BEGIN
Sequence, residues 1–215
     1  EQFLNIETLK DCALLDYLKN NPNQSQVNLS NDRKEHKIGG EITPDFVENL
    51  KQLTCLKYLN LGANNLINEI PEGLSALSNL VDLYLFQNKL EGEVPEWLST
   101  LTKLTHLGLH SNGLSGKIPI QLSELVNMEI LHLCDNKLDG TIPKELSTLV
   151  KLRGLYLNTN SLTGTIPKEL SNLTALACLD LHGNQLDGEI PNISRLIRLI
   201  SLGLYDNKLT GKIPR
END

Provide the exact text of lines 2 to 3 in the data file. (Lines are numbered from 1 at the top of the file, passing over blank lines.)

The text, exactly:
     1  EQFLNIETLK DCALLDYLKN NPNQSQVNLS NDRKEHKIGG EITPDFVENL
    51  KQLTCLKYLN LGANNLINEI PEGLSALSNL VDLYLFQNKL EGEVPEWLST